Saturday, November 11, 2017

Durkheim / On Morality and Society - summary

On Morality and Society, Ch. 3, 4
"on Morality in Society" lays out a number of Durkheim’s basic ideas.   They are also worth comparing to each other for the apparent way in which they contradict each other.
“The Principles of 1789 and Sociology” uses a review of a book on the French Revolution as an opportunity to criticize the idea that society consists merely of self-interested, egoistic individuals whose relationships with each other are merely contractual.   He also criticizes the idea that society is “something against nature.”(P. 39) 
“Individualism and the Intellectuals” is Durkheim’s contribution to the Dreyfus Affair, which was the pivotal political event in France in the 1890s.  What he says about the guilt or innocence of Captain Dreyfus, a French military officer of Jewish background accused of treason, is less important than what he says about the relationship between individual and society.  Clearly this essay is a defense of individualism.  

On Morality and Society, Ch. 6, 7(pp. 86-92, 110-113), 8(pp. 128-133), 9.

These chapters are brief selections from Durkheim's first major work, The Division of Labor in Society.  In this book, Durkheim argues that the development of the division of labor is the formative trend in modern society.  As roles in society become more specialized, human beings become increasingly differentiated from each other.   Simpler societies, in which people do roughly similar things, are held together by very strong collective beliefs which take on a sacred aura.  Durkheim called this kind of social bond “mechanical solidarity.”  As the division of labor increases the collective consciousness weakens and becomes more abstract.  However, these more complex societies are not simply collections of self-interested individuals held together by merely contractual bonds.   By making every person dependent on every other, the division of labor creates (or at least should create) a new kind of social bond, “organic solidarity.”  (You might want to think back to Tocqueville’s distinction between the two kinds of patriotism.)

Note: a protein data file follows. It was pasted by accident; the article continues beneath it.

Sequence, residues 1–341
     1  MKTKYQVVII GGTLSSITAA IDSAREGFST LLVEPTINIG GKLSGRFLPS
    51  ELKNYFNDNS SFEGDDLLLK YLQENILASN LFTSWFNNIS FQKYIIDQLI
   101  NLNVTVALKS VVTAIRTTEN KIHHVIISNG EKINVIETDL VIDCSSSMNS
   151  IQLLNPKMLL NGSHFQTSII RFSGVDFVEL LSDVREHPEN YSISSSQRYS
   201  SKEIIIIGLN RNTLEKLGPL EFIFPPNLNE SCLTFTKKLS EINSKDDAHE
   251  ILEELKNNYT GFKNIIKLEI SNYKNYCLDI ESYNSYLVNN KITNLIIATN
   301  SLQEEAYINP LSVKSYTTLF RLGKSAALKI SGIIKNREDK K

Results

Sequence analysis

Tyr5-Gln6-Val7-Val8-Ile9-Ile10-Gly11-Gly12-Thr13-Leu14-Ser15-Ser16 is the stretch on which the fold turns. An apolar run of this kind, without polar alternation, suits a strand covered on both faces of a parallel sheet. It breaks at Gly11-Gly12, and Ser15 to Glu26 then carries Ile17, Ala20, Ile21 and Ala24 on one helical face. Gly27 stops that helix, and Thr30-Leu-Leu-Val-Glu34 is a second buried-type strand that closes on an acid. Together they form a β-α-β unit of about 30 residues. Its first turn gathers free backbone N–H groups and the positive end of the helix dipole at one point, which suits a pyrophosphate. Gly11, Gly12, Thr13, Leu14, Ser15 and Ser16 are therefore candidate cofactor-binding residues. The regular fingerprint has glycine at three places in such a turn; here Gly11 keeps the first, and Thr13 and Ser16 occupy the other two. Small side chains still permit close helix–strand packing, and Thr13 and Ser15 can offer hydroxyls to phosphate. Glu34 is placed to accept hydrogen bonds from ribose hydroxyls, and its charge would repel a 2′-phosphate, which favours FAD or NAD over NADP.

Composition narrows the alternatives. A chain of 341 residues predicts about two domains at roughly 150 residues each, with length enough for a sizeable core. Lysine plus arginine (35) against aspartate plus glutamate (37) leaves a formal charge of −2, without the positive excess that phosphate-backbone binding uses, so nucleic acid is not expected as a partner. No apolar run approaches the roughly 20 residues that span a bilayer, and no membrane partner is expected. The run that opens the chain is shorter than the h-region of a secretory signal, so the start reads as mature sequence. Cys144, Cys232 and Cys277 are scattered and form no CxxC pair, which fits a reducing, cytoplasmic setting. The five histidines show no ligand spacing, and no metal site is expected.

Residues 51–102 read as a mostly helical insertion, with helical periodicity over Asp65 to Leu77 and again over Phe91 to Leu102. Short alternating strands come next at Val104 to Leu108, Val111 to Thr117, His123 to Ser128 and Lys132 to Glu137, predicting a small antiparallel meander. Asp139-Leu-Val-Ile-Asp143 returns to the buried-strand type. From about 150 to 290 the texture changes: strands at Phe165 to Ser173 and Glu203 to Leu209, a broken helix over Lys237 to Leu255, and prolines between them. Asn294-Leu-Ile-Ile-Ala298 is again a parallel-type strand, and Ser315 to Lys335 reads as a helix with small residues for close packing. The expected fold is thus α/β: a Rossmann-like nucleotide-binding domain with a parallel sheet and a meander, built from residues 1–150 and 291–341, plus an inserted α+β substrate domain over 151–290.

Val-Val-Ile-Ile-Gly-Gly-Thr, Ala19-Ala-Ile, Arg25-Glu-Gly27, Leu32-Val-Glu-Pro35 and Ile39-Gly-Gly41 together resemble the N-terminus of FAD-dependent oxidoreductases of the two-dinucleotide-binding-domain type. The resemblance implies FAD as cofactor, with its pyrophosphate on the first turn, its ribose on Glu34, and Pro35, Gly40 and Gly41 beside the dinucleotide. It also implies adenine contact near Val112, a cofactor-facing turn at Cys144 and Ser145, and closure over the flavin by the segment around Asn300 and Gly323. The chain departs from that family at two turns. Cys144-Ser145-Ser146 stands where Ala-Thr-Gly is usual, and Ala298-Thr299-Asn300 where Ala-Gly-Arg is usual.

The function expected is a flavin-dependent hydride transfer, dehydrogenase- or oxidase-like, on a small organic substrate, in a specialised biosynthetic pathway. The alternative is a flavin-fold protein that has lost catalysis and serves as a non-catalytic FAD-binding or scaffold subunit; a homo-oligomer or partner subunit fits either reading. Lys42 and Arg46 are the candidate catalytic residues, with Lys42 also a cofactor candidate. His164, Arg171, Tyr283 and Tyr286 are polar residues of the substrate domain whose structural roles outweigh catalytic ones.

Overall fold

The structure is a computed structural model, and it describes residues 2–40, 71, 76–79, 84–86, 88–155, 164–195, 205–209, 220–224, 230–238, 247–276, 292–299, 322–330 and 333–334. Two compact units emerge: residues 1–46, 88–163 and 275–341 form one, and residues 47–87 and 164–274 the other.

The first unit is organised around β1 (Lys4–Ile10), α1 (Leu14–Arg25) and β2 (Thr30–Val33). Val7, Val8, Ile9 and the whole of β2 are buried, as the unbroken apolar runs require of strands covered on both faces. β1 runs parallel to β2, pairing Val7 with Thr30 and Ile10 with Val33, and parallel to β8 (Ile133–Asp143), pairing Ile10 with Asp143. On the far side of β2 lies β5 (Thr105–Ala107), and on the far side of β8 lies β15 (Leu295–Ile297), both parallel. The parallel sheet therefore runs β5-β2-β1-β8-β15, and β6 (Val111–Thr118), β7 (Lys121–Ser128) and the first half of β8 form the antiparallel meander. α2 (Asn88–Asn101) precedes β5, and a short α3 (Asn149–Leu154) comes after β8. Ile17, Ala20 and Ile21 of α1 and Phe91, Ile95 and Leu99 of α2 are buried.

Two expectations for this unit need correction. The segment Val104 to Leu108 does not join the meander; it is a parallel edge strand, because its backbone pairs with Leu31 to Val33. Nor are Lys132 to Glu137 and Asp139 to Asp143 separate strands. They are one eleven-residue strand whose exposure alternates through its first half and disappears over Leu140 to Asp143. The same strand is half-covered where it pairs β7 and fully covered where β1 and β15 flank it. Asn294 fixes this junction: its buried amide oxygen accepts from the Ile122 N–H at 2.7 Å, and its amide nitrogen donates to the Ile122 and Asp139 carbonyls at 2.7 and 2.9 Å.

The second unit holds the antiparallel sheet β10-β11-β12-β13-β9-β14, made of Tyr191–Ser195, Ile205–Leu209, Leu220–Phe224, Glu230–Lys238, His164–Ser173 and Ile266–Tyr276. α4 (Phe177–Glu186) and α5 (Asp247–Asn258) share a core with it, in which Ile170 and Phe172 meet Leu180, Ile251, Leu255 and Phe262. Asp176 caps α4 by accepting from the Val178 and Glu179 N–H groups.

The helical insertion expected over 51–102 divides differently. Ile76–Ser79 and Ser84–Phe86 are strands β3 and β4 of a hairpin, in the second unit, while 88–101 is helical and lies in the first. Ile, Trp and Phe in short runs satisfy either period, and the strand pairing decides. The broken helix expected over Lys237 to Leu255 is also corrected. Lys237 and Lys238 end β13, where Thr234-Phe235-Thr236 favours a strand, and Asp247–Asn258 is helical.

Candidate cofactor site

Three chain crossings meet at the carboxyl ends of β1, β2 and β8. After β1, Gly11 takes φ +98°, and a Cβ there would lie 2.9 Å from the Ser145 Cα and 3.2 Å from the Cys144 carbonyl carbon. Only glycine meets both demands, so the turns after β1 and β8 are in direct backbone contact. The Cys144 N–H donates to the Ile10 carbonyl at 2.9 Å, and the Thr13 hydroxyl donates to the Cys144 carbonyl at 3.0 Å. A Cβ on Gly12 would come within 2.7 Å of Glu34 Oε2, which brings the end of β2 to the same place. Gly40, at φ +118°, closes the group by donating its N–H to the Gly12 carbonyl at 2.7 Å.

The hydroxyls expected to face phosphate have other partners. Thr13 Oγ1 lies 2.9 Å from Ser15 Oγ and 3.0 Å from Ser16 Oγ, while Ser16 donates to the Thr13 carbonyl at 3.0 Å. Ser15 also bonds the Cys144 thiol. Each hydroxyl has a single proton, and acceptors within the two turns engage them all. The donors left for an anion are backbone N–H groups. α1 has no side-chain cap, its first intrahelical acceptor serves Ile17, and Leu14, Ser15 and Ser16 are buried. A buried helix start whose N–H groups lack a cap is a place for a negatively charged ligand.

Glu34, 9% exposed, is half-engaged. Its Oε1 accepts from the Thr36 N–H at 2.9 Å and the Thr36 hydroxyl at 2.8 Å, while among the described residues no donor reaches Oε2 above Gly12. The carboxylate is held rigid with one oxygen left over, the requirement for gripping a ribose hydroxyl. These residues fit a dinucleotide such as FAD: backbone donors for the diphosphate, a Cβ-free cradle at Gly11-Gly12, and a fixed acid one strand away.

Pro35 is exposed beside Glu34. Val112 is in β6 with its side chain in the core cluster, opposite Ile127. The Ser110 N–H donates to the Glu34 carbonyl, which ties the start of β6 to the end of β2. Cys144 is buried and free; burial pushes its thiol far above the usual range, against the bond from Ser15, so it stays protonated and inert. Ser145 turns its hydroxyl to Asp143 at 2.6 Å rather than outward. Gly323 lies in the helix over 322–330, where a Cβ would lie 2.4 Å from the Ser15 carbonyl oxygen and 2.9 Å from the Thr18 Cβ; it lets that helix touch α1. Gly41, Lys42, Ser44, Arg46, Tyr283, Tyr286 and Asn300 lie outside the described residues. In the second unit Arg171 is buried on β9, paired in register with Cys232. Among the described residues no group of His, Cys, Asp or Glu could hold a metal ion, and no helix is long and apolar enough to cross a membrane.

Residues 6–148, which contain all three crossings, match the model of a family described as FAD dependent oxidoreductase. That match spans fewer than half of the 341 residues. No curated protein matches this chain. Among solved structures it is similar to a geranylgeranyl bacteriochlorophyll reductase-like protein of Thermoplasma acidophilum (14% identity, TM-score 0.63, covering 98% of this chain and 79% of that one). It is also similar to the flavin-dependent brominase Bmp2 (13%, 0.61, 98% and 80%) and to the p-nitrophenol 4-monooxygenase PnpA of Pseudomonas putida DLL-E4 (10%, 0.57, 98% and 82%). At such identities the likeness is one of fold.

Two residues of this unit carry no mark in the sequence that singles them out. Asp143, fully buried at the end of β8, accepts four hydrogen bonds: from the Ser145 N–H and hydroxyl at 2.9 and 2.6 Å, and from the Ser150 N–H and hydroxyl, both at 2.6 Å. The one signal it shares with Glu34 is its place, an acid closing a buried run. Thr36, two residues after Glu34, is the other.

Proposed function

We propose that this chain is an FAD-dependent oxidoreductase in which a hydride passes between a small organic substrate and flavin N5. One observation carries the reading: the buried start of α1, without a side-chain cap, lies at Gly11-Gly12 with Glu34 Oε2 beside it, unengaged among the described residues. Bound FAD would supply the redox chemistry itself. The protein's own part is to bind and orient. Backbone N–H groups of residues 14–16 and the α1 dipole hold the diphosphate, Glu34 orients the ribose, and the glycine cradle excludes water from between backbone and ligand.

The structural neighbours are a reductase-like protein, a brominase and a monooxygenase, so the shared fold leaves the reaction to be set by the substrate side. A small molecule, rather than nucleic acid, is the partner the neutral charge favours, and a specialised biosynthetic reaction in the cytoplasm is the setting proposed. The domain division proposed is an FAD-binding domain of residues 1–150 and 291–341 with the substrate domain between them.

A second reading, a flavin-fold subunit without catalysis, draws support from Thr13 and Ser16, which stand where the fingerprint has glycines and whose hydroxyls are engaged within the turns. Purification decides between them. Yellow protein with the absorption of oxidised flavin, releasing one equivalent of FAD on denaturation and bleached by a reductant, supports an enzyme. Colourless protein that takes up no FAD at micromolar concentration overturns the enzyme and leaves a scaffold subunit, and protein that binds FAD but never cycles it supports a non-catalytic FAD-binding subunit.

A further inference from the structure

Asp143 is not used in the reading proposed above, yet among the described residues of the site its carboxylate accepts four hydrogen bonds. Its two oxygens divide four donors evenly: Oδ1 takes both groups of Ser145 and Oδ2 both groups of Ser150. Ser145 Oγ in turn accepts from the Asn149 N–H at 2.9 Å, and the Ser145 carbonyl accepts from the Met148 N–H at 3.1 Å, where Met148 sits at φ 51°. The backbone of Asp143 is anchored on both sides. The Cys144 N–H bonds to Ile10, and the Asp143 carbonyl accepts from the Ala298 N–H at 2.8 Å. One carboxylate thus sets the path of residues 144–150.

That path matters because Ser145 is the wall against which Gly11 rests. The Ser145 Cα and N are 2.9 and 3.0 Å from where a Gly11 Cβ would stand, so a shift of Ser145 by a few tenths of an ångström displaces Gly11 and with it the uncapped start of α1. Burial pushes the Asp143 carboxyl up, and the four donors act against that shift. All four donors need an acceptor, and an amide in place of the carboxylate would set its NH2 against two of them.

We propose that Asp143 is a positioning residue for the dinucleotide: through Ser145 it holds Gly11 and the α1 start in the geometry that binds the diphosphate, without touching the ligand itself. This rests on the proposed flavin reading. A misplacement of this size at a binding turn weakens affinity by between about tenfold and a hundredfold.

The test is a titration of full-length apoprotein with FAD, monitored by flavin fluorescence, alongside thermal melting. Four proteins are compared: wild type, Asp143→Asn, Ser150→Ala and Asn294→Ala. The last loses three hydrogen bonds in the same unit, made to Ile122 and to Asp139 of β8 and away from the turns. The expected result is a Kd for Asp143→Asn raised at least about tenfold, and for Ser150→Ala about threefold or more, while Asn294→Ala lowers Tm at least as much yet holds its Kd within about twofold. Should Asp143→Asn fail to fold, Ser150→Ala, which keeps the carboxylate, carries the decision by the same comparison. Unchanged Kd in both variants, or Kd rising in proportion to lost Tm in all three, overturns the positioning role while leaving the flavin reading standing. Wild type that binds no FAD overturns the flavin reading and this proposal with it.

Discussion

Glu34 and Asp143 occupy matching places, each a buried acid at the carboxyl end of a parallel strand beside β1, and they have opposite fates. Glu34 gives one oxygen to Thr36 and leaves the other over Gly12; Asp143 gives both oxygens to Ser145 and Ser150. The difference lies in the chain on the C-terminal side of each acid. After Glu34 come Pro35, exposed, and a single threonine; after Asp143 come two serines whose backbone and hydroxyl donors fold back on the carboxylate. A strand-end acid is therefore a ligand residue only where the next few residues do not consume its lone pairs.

This argument is very important for Durkheim for at least two reasons: (1) It affirms, as he says, that “every society is a moral society.” (112)  (2) While mechanical solidarity is built on a denial of individual differences, organic solidarity presupposes and affirms these differences.

Additional article summaries by Emile Durkheim:

Emile Durkheim - Suicide
"The Genesis of the Notion of the Totemic Principle or Mana" – summary and review" - part 1 -2 -3
What is Social Fact?
Division of Labor in Society 
Elementary Forms of Religious Life
Moral Education
Types of Suicide according to Emile Durkheim
Anomie according to Durkheim

Suggested reading: